As a new hunter it is often frustrating to follow hunters on social media, with images to maintain, who only share success after success, and very rarely include their own struggles or any real talk. There is a fine line where we have to consider the 96% of the population who do not hunt. Many people feel that we must put the best face forward with our, hopefully, graceful and gracious pictures of the animals that we have harvested. There is an aspect of hunting that many new hunters are not aware of or prepared for.
Here’s what hunters should be talking about:
Not Every Animal is Recovered
I can only think of one time I saw a hunting video where they did not find their animal. I have lost 2 animals after shooting them and it was heartbreaking. Not finding an animal can be due to many things, including inexperience tracking, and sometimes the animals do not bleed outside of their bodies.
Tracking animals is a true skill. I have had the privilege of hunting with some amazing trackers. As a new hunter, I watched and emulated their techniques of slowly going spot to spot, making sure not to step on any of the blood spots. Another way to combat this is the up and coming art of using tracking dogs. I am lucky to hunt with someone who has a tracking dog. This alleviates many of my fears should I be in that situation again. Even with a dog with a job, they only find about 40% of the animals they track.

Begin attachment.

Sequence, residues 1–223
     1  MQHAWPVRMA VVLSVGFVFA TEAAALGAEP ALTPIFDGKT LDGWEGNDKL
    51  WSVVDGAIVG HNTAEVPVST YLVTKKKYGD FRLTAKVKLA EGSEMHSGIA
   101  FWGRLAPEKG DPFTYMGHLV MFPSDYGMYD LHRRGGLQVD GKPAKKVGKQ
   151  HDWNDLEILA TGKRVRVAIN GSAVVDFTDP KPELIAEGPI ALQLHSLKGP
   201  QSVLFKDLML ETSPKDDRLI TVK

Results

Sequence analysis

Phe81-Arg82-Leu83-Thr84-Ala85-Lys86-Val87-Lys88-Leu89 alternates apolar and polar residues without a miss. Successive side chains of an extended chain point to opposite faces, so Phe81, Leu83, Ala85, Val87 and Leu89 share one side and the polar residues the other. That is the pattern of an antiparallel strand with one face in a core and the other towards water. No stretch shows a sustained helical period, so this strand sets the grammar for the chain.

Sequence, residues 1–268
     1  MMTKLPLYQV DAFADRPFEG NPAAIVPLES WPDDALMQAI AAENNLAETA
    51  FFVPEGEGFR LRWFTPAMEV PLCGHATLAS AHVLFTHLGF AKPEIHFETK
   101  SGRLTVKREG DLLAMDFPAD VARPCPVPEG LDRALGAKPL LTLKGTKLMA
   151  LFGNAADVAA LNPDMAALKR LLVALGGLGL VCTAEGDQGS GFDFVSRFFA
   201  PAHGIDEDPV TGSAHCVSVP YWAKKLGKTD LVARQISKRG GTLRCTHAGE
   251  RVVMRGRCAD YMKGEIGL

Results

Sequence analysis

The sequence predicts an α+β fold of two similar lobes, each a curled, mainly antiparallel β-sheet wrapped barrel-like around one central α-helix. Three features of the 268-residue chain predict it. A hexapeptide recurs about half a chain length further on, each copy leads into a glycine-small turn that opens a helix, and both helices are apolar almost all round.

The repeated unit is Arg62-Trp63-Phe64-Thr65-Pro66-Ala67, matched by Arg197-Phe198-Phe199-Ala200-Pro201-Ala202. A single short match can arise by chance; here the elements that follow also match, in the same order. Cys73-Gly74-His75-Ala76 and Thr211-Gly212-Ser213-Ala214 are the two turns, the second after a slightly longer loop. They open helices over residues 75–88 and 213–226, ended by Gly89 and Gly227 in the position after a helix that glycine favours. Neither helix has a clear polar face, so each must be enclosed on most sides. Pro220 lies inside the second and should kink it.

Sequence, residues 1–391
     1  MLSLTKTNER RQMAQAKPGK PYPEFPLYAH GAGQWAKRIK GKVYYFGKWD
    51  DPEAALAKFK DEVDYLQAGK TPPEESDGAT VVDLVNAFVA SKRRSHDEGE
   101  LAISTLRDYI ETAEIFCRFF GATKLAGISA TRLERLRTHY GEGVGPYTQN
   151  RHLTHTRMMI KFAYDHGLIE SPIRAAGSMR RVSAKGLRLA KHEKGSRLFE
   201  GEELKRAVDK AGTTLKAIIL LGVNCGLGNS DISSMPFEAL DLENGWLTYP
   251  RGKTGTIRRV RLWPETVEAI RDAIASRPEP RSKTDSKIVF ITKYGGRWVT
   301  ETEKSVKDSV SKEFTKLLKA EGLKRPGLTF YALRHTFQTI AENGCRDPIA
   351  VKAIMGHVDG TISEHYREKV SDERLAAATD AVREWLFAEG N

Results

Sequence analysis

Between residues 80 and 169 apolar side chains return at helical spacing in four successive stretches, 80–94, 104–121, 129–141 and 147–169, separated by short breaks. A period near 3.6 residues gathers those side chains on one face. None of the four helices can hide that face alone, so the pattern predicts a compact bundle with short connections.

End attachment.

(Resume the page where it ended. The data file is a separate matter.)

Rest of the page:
Unfortunately, sometimes the animals bleed only internally. This happened to me on my buck hunt last year. My broadhead hit 2 ribs and went just through the opposite shoulder. Not a drop of blood to be seen. I know this has happened to many hunters. Surprisingly, this also happened to me on my most recent rifle hunt, despite the rather large exit hole.
It’s hard to be prepared for this, but it is important to be aware that it may happen. Having a plan in place is half the game.
Sometimes Animals Do Not Die Immediately
Whether the shot was not optimal, the animal moved after the shot, or just simple physics, part of the equation is that animals do not always die right away as they do on television. This is a two-fold eye-opener for new hunters. The number one rule, unless the animal dies in your vision, is to wait. You never want to bump (push your animal to get up) an animal that has been shot; it is always better to let them lie. This is a hard and anxious time for hunters. We always want to know! Waiting has led to some of my most anxious moments in life. With my first deer, I bumped her 3 times before being forced by friends to go back to camp, we found her after waiting an hour.
The second thing to keep in mind is that sometimes you must follow up. This can be a second shot, or third, or you may have to deploy some other method to end the life of the animal. This is a difficult task, mentally, and can be quite dangerous depending on the animal.